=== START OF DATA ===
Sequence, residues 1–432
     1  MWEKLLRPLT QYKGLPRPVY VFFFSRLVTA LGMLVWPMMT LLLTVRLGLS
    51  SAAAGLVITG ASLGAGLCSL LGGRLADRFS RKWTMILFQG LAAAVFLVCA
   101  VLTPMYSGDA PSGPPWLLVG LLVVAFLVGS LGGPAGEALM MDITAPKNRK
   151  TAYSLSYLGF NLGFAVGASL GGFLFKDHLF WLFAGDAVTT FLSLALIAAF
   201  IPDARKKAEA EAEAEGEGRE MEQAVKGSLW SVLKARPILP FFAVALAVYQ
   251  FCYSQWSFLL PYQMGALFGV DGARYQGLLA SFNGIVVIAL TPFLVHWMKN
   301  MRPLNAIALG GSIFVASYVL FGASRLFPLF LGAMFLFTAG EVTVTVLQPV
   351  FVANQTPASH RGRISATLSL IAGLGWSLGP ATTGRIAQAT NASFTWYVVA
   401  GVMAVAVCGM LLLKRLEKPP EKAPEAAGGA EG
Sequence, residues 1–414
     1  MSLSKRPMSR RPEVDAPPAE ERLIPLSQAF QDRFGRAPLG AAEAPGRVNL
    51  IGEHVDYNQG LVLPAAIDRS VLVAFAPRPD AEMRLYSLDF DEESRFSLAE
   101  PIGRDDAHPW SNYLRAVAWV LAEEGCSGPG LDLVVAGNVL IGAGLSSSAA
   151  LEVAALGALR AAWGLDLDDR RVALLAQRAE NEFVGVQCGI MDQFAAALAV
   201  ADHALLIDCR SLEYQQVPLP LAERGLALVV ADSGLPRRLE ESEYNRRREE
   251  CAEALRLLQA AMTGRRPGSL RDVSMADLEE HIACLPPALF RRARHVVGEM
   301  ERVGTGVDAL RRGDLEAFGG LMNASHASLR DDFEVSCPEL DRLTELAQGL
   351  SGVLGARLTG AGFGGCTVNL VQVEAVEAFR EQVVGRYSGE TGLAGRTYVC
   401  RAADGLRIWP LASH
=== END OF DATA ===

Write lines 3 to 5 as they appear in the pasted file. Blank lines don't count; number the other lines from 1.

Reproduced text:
    51  SAAAGLVITG ASLGAGLCSL LGGRLADRFS RKWTMILFQG LAAAVFLVCA
   101  VLTPMYSGDA PSGPPWLLVG LLVVAFLVGS LGGPAGEALM MDITAPKNRK
   151  TAYSLSYLGF NLGFAVGASL GGFLFKDHLF WLFAGDAVTT FLSLALIAAF